In the heart of Manipur, a tale of courage and struggle unfolds as women take centre stage in protests, demanding justice and equality. Yet, amidst their resilience, a darker narrative emerges – one marred by gender-based violence.
According to media reports citing government data, 12 first information reports (FIRs) have been filed in Manipur for crimes against women and girls. These include the gang rape of five women, the murder of four, and the assault of ten others. Around 160 lives have been lost in the state due to ongoing clashes. Although the violence in Manipur has made national headlines, it was a recent video of two women—who suffered sexual violence at the hands of a mob—that truly galvanized national outrage.
The role of digital media in this particular case was crucial. Videos and images often become documented evidence in many cases, and sharing them can build the case for justice and mobilize public opinion. On the other hand, ubiquity of camera phones can violate women’s privacy. Women who have been subjected to atrocities encounter unsolicited views and perceptions from individuals in both the offline and online worlds.
Violence against women, especially in conflict zones, is not a new phenomenon. It is a deeply rooted systemic issue, exacerbated by times of crisis and upheaval. UN Women reports that sexual violence against women and girls is widespread in conflict, even used as a “war tactic.” There’s an observable increase in domestic violence, trafficking, and child marriage during conflicts. Violence against women, whether in India or anywhere around the globe, must be eradicated and those responsible should be appropriately punished.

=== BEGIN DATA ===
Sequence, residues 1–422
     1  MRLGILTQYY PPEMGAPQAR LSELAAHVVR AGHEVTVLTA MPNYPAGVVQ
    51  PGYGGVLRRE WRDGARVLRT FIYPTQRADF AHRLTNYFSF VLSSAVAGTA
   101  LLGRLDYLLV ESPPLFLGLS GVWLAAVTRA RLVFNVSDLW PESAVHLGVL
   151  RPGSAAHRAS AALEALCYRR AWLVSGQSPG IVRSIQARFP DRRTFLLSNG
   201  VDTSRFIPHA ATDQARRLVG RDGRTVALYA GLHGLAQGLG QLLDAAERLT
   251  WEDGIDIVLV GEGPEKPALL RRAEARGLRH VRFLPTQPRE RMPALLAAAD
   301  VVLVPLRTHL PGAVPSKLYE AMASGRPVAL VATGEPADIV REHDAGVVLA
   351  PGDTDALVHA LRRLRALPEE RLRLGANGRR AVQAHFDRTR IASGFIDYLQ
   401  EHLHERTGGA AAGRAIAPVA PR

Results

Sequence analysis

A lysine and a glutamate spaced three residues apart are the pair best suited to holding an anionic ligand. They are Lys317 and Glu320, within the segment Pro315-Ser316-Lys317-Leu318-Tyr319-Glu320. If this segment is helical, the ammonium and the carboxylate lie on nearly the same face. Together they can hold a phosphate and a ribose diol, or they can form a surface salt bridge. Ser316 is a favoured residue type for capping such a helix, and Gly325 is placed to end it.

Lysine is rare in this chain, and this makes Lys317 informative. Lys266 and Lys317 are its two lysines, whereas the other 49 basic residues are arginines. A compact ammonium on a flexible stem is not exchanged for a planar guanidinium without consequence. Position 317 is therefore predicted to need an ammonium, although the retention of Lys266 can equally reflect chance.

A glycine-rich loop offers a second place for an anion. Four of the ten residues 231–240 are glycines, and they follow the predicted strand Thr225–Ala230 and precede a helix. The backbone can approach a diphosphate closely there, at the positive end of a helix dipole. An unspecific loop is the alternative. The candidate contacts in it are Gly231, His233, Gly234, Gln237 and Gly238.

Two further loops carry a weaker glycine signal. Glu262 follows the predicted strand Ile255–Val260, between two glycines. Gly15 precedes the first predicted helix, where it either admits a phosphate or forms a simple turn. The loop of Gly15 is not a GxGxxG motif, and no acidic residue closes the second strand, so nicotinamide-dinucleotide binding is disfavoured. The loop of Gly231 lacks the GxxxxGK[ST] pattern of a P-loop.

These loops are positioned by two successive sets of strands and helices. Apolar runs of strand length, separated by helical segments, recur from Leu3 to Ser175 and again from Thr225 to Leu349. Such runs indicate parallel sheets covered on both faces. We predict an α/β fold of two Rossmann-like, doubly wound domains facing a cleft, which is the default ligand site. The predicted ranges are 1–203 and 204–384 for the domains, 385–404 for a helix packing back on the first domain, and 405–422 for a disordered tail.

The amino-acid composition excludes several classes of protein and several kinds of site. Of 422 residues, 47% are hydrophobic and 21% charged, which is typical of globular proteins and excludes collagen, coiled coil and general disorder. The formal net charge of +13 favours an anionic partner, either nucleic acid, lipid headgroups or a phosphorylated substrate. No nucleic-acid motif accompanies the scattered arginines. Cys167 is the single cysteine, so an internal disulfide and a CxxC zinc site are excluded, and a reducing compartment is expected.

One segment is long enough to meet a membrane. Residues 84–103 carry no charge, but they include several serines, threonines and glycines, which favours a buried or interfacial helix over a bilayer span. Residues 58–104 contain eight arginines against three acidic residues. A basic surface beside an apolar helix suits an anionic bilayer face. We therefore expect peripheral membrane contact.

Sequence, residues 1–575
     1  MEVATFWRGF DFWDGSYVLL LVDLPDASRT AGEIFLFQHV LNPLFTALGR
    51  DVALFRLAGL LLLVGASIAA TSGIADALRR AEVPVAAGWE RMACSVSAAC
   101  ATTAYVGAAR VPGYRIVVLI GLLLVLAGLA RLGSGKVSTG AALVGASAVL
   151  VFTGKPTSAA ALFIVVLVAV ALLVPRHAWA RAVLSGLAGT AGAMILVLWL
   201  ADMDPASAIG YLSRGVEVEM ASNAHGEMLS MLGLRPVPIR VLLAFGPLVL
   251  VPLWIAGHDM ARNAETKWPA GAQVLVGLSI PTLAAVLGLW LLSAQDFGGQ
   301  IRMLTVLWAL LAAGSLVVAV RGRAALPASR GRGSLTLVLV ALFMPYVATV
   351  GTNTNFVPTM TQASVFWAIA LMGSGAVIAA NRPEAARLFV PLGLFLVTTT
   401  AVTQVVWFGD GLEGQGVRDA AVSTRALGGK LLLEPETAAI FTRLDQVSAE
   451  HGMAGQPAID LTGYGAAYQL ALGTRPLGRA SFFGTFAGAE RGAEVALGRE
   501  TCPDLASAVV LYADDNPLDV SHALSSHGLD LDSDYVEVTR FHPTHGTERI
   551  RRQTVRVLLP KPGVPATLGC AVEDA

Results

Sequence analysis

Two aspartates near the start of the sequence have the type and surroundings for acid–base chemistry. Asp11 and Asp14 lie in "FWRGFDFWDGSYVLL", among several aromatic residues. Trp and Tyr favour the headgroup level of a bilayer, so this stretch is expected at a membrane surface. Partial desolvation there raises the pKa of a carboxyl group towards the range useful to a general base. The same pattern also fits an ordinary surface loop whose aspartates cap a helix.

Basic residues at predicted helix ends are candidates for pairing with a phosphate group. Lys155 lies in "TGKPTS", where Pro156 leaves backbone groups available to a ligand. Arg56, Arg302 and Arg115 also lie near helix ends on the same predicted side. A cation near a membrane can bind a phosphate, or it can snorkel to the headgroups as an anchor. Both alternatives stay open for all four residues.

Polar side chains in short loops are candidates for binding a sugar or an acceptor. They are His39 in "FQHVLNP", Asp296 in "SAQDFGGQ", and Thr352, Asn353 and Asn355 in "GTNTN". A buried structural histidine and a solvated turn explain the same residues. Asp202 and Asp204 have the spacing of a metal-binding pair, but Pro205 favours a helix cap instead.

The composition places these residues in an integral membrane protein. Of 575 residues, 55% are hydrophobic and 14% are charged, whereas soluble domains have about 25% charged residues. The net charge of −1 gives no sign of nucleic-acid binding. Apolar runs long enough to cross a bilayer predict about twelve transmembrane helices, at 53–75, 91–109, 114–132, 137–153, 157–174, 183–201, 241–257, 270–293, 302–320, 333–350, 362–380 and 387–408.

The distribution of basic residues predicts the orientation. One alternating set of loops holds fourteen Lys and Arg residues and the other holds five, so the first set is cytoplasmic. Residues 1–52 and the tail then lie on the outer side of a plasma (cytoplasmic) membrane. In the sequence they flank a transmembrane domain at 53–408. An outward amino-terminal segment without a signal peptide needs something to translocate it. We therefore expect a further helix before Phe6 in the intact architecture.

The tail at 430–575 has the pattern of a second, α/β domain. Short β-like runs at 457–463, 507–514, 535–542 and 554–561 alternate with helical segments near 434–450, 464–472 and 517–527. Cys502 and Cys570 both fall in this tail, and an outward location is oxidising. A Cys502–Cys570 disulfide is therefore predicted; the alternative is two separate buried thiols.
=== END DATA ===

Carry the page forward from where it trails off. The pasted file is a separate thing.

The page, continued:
According to the OHCHR (Office of the United Nations High Commissioner for Human Rights), gender-based violence rises in post-conflict societies, attributable to a breakdown of law, availability of small arms, social and family breakdowns, and a “normalization” of gender-based violence. Significantly, the report emphasizes that this builds on “pre-existing discrimination,” making women especially vulnerable during conflicts like that in Manipur due to gender inequality and patriarchal norms.
The fifth round of the National Family Health Survey (NFHS-5) reveals that approximately 6% of women aged 18-49 years have experienced sexual violence. Data also highlights the inverse relationship between education, affluence, and women’s experience of violence. The prevalence of sexual violence decreases sharply with schooling and improves with economic status. This emphasizes the need to invest in girls’ and women’s education and empowerment initiatives, enhancing their ability to care for themselves and their families.
Violence against women and girls must be addressed as a public health issue, and a health-system response is required. This would include fostering an environment in which survivors of violence can seek help without fear of being stigmatised. Survivors of violence require treatment for physical, emotional, and mental damage. The urgent need is for non-judgmental, well-trained health-care providers, as well as adequateinfrastructure.
Gender-unbiased policies or policies that adequately address girls’ and women’s needs require women’s free, voluntary, and fearless participation. Fostering an environment where women can thrive without fear is a collective responsibility that hinges on reshaping societal norms and challenging toxic masculinity.The recent acts of sexual violence in Manipur show these crimes were committed without fear. Both preventing such incidents and swiftly punishing the perpetrators are equally vital in fostering an environment that genuinely respects women’s rights.
Views of the author are personal and do not necessarily represent the website’s views.